JasonPictured is adjunct faculty member Jason Young, originally from Grand Rapids, MI, where he grew up gazing through a telescope year-round with his grandfather. He earned degrees in Physics and Astronomy with a minor in Latin at the University of Arizona, and a PhD in Astronomy and Astrophysics at Penn State. Jason loves giving tours of the night sky, and has over 13 years of experience operating planetariums for public outreach programs. In his spare time, he enjoys gardening and bicycling. 

Jason is now a principle investigator in collaborative efforts with three astronomers at various institutions (Penn State, Georgia State, and the National Radio Astronomy Observatory) studying low surface brightness (LSB) galaxies. This class of galaxy is so faint that they are nearly invisible and have been missed by many sky surveys, even though Jason’s group is discovering that they are actually very numerous. His team is working to answer the question of why these galaxies have so few stars even though they are near twins to normal spiral galaxies, like our Milky Way in terms of size, mass, and gas content.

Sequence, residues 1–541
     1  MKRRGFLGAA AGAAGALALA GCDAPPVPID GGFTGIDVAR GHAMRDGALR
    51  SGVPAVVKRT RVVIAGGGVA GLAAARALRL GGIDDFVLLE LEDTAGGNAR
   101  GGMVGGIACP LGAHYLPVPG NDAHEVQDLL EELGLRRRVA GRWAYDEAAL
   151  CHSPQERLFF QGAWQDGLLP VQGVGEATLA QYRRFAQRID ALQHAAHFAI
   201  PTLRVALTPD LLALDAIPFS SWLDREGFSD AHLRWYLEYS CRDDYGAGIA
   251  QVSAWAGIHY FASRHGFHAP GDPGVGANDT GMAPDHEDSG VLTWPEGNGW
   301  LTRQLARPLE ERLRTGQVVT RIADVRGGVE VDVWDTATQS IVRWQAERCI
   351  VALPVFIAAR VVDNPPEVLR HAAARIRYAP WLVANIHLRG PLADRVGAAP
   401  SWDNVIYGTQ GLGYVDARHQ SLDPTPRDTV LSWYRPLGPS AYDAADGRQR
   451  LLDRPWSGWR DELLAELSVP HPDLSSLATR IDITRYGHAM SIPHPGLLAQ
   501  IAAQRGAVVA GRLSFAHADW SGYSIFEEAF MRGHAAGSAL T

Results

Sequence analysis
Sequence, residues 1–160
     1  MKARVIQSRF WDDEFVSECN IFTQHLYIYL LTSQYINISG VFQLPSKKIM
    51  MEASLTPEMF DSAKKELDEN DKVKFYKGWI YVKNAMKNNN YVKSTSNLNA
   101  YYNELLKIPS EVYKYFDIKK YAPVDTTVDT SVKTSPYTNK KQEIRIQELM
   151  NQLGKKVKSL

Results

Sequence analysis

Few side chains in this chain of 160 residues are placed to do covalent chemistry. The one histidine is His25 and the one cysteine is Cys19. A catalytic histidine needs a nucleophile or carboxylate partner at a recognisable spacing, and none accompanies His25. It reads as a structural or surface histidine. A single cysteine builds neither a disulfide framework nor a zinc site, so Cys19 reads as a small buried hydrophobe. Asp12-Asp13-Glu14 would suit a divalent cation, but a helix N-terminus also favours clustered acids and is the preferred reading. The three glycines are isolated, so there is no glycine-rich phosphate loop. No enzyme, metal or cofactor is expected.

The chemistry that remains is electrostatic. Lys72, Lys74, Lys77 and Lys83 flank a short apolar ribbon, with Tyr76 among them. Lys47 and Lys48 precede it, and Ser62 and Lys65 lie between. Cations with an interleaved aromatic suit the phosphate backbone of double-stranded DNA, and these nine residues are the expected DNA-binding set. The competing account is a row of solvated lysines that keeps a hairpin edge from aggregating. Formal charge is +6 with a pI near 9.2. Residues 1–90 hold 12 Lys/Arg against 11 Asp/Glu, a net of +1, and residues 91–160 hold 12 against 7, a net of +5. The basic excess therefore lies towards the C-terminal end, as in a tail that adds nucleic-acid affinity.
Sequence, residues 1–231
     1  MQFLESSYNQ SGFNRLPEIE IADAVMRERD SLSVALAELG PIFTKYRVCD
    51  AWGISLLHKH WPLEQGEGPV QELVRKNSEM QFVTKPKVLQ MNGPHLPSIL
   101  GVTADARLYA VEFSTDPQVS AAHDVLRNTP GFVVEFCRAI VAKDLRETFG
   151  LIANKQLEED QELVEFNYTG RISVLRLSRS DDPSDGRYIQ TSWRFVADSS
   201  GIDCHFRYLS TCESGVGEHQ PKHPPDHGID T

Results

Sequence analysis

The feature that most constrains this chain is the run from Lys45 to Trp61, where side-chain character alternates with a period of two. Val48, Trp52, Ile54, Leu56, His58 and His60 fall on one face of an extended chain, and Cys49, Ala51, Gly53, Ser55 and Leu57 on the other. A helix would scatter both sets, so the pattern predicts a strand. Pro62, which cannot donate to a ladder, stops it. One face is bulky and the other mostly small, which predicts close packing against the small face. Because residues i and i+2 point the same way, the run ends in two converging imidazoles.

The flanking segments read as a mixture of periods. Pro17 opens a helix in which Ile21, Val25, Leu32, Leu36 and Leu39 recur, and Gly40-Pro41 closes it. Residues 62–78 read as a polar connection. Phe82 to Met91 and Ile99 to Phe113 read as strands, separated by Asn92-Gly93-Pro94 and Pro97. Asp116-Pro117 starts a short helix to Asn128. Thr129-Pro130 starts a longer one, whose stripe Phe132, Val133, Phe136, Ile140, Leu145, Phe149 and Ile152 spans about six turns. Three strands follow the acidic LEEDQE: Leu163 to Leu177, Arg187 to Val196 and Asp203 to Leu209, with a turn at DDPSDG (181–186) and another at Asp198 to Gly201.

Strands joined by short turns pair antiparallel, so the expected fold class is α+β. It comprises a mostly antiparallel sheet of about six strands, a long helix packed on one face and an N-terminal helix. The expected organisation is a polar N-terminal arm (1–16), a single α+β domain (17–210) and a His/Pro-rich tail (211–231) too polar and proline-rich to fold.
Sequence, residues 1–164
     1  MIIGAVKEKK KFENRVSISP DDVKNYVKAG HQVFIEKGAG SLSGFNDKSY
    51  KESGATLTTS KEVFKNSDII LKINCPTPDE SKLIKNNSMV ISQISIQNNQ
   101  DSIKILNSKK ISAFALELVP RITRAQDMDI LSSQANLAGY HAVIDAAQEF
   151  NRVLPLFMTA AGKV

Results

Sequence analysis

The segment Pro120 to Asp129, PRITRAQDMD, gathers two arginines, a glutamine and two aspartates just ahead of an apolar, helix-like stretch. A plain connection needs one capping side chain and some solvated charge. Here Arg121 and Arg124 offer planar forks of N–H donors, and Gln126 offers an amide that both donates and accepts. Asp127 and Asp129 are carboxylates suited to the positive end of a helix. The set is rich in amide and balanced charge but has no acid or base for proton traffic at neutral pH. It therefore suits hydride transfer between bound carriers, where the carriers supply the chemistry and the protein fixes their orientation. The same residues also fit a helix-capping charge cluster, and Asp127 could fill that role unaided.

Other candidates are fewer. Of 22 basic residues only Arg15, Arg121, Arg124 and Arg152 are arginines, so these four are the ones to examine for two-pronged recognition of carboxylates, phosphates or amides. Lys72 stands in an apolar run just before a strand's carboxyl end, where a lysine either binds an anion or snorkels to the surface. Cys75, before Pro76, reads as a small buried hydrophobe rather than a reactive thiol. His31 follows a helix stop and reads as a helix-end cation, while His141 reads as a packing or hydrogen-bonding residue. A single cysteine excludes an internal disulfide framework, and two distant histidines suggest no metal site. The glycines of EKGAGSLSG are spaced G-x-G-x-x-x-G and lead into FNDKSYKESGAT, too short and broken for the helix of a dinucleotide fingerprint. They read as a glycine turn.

Jason adds, “It is our aim to shed light on the process of star formation in general through an understanding of why LSB galaxies have produced so few stars. To this end, our project examines a sample of LSB galaxies with the aims of determining a) how fast they are producing stars, b) where in these galaxies star formation is occurring, and c) how current star formation compares to star formation in the past.” 

To accomplish this, his team will have to compare model galaxies against brightness measurements made in the ultraviolet, optical, and infrared portions of the spectrum. Jason mentions, “We've carefully chosen targets for which archival infrared observations already exist, and we're in the process of making ultraviolet and optical observations.”